Press "Enter" to skip to content

What is the Electoral College?

It’s possible to win the popular vote, but not the election. Donald Trump was elected by losing the popular vote in 2016, however, he won the most Electoral College votes, thus becoming President. In addition to 2016, this situation has occurred four other times in history: 1824, 1876, 1888, and 2000.

The Electoral College is a body of people, known as electors, that determine who will win the role of president and live in the White House. The Electoral College is — and was formed because of — a compromise, just like many parts of the creation of the country we know today.

The concept of the Electoral College dates back to 1787, when leaders were torn between who should elect President, Congress, or the public. The Electoral College was, to them, the best of both. It would use electors to represent the Congressional element and would allow ‘the people’s’ vote to determine if a candidate wins the states.

There are 538 electors in the Electoral College. It’s set up on representation from the amount of Congress members, Senators, and Representatives. Because every state is a different size, each state has a different number of electors in the Electoral College. California has the most electoral votes with 55, followed by Texas with 38, and Florida with 29.

Each state has its own rules on how electors are chosen. Usually, the political party of the presidential candidate who won the state chooses the electors. Most electors are people who have been loyal and dedicated members of their political party for a long time.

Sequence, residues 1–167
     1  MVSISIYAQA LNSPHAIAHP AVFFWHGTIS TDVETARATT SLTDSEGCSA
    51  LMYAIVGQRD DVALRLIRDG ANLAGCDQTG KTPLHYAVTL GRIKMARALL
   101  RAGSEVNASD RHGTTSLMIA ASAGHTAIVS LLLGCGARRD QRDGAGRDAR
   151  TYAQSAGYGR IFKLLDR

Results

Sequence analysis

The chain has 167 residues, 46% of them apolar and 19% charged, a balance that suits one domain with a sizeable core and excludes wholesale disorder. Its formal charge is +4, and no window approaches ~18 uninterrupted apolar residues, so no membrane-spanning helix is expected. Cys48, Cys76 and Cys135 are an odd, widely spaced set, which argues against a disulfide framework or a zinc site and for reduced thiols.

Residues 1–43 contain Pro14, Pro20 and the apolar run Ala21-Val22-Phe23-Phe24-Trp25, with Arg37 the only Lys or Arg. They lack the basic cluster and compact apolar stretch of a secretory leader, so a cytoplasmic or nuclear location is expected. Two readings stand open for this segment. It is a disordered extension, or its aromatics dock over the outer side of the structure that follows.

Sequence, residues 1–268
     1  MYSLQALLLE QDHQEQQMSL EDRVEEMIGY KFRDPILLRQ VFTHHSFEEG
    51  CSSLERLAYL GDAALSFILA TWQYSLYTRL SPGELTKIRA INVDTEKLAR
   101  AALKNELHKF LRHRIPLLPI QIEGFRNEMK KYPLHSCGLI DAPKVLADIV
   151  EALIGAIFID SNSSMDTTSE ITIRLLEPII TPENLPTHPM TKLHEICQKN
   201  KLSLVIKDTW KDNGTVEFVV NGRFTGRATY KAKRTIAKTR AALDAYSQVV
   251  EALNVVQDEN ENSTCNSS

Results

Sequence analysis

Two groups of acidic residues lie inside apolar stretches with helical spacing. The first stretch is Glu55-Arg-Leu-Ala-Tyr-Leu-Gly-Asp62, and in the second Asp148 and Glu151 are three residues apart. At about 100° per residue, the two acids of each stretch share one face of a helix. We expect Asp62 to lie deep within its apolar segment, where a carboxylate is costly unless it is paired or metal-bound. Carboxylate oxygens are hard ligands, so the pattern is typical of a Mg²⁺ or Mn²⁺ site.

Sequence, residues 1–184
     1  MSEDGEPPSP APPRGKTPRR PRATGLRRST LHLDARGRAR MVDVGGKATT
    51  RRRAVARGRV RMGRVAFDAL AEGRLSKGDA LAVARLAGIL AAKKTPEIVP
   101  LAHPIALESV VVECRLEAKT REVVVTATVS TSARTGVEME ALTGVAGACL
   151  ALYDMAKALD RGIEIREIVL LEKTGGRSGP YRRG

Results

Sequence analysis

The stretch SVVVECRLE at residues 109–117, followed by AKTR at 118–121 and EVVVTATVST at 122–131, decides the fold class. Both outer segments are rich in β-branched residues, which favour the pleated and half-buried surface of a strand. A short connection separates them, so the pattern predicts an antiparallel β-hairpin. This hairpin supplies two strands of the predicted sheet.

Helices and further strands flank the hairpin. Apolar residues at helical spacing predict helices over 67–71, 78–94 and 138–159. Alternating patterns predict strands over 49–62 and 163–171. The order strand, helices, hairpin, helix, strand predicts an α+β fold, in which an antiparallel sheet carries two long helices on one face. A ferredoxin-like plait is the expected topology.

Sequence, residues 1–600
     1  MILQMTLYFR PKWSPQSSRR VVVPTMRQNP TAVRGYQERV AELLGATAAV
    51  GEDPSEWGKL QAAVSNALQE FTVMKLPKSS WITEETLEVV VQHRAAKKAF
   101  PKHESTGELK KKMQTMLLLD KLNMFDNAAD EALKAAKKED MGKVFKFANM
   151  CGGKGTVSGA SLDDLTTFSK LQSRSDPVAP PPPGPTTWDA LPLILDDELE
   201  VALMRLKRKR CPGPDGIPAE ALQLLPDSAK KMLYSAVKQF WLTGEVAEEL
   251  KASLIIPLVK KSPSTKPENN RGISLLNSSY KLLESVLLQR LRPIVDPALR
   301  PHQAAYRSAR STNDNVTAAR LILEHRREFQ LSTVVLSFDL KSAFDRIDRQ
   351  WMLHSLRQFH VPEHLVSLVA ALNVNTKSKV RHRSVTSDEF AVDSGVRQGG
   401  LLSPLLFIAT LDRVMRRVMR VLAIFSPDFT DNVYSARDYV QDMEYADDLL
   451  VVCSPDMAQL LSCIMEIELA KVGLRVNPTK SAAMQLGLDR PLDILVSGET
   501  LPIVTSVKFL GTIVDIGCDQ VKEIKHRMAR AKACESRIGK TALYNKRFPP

This depends on the state. In some states, there are laws requiring that electors vote the same as the people who voted for them. Most of the time electors vote as expected, but in rare cases, they have changed their vote and voted for a different candidate than the people who voted for them. 

In most states, if you win the popular vote in that state, you win all the Electoral College votes (or “points”) from that state.

Biden has more paths to victory than Trump does. Even if he loses Florida, he could pick up three or more of these states to help close the deal: North Carolina (15 votes), Pennsylvania (20 votes), Ohio (18 votes), Michigan (16 votes), and Wisconsin (10 votes).

As of noon on Wednesday, Biden had 238 votes to Trump’s 213 votes with seven states yet to announce a winner. North Carolina and Pennsylvania, both of which have not announced a winner, but are currently leaning toward Trump, are pivotal battleground states. Biden also has about 2 million more popular votes than Trump, however, if Trump receives more Electoral Votes, he will win re-election. 

*Editor’s Note: This is part of our ongoing Election 2020 result series covering everything from winners of races to the role and functions of the Electoral College.  

Be First to Comment

Leave a Reply

Your email address will not be published.